Ten years ago today the world changed when the United States of America was the target of a terrorist attack. Various news outlets will be running stories of remembrance and telling tales of how much life has changed for all of us. On this solemn occasion GeriADtric will look back at the advertisements of the Tuesday, September 11, 2001 Washington Post Special Late Edition.
This special late edition reprinted most of the news of the day, but the front section was dedicated to the attacks. While the stories changed to reflect the new crisis, the advertisements stayed the same.
Security was heightened in the nation's capitol, the government shut down, and Masters Tuxedo was having a Warehouse Sale.
President Bush cut short his trip in Florida to return home, stating, "Terrorism Will Not Stand." Cingular Wireless offered to help spread the message with unlimited calling every night and all weekend long for only $29.99.
It was "Like a War Zone" in New York City as the Twin Towers fell. But Anti-Aging Superstars About-Time were now available at Giant.
The attacks were an act of war, but just who was the enemy? This question lingered longer than anyone expected. Even ten years later there are still questions. Macy's was there to lend support with a 15% off coupon on a single clearance item.
The FAA shut down all airports and E-Trade had a 3.5% money market account.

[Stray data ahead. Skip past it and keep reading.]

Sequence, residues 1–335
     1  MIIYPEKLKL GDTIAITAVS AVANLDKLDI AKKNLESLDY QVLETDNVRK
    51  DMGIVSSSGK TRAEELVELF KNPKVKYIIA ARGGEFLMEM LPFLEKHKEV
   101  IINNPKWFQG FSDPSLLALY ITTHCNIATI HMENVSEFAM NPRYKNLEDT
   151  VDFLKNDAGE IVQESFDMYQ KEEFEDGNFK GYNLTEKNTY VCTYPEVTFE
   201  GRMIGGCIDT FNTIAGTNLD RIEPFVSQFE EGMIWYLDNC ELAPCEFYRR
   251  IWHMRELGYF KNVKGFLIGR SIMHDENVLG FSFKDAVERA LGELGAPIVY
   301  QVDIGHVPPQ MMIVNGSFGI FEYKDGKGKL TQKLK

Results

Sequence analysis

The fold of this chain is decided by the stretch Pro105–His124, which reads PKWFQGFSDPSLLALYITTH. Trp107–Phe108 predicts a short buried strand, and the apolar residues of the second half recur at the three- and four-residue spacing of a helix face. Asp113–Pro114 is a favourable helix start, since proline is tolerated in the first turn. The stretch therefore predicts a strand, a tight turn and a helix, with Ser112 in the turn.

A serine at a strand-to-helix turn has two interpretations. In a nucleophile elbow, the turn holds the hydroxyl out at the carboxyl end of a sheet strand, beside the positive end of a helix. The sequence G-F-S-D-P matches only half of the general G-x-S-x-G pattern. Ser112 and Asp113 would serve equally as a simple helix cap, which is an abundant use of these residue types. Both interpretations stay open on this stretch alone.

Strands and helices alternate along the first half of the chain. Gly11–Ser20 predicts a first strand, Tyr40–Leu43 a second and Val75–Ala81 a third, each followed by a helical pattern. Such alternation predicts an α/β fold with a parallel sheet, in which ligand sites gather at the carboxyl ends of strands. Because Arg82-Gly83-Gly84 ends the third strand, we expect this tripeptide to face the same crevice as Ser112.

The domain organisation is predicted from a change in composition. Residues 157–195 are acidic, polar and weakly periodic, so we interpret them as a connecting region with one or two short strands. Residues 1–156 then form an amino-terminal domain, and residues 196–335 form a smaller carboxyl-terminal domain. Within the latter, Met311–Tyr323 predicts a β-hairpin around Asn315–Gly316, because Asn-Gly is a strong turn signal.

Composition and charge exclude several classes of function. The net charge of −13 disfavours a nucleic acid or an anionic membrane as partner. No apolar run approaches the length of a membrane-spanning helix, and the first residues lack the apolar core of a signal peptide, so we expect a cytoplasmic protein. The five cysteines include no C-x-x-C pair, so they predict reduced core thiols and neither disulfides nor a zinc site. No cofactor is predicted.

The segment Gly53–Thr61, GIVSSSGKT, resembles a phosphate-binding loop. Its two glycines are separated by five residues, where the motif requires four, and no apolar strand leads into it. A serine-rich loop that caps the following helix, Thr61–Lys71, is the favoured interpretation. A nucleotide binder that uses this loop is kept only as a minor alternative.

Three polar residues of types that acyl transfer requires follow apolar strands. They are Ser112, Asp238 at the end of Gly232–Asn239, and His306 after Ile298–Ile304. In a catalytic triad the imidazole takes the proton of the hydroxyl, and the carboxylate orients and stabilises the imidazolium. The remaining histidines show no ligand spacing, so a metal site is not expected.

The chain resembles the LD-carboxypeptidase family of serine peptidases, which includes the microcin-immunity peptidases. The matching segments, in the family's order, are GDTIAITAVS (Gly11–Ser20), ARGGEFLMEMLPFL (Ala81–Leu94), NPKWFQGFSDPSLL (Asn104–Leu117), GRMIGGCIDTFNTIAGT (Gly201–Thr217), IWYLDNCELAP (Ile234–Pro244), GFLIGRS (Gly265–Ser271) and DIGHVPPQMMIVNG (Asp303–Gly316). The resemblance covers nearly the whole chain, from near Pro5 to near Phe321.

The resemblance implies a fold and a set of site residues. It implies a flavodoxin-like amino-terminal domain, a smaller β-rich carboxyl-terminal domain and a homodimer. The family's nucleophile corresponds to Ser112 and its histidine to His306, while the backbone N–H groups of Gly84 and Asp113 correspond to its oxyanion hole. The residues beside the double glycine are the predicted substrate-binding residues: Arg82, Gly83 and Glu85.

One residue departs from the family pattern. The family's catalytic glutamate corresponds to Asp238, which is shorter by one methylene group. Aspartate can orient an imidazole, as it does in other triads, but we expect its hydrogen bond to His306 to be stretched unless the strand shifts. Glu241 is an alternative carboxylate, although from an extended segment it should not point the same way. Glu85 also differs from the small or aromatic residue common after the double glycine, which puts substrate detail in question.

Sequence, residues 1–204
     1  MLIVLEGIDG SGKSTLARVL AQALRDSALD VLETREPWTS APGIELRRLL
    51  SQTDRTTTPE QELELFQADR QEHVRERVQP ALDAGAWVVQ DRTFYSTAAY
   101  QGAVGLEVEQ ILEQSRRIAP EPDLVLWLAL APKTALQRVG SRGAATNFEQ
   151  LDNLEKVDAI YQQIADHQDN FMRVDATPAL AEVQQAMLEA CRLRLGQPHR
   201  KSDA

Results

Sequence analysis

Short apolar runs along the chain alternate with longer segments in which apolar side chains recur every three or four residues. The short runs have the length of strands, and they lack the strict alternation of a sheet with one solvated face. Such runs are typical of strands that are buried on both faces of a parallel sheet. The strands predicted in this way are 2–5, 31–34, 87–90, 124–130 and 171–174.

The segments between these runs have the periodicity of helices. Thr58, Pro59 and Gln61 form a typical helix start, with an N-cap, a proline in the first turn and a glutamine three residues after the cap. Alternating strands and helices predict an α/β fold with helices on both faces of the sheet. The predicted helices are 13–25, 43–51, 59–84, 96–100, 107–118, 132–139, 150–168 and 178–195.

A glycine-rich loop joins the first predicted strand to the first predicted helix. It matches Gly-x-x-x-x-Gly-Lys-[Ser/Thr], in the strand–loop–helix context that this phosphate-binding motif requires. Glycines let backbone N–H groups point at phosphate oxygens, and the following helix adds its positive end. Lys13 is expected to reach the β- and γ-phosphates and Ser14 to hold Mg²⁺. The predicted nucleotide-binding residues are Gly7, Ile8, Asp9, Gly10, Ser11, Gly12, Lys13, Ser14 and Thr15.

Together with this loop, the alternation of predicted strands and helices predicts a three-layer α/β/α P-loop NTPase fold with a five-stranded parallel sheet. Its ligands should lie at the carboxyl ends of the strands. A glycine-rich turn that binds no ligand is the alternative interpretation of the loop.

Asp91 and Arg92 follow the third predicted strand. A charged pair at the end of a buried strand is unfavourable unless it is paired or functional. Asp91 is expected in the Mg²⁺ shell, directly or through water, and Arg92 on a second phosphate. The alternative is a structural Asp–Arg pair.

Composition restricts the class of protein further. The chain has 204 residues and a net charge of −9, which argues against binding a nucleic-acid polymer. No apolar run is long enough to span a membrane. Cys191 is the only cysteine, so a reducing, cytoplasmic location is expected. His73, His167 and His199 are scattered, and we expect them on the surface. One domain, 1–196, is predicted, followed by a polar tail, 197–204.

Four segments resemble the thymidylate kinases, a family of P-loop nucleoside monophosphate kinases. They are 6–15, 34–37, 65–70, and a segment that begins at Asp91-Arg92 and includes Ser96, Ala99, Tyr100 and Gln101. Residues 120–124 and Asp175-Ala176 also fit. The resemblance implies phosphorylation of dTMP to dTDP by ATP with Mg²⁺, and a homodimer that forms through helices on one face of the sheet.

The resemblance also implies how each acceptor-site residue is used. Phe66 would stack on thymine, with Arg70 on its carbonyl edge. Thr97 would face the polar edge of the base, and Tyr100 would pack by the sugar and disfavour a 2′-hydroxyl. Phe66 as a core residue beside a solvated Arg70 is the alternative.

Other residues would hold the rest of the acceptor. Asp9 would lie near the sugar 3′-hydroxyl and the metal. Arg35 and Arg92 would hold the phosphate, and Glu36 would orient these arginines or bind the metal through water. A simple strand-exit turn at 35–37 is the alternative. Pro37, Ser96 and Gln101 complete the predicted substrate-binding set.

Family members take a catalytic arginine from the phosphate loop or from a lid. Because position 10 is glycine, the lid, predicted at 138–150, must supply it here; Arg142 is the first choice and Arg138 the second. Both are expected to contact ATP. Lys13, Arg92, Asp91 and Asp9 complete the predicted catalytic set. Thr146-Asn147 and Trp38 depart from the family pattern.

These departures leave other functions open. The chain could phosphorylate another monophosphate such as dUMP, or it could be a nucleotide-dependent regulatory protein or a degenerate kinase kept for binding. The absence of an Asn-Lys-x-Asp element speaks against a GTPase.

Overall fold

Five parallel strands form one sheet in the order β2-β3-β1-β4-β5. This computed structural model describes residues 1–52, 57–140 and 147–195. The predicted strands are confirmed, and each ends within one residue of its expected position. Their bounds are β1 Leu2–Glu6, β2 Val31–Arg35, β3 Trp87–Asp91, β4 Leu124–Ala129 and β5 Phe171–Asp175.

With the airports closing it seemed a sure thing everyone would have time to organize their closets.
Horrendous loss feared in New York Terrorist attacks. Next to a gripping image of New York rescue workers emerging from the dust and debris of the World Trade Center carrying a victim of the attacks was a happy person breathing pristine air thanks to The Nuclear Energy Institute. Fortunately there was no nuclear device involved that day.
Market trading was suspended, but that was OK because Chevy Chase Bank had free online banking with bill payment!
The Post returned to it's pre-terror attack format, as though nothing had ever happened that day. There are three editorials about the event. Out of all the ads on the front section of the Special Late Edition (of which I have shared a portion) only two are related to national defense in any way. One from Lockheed Martin and one from Boeing, both for planes.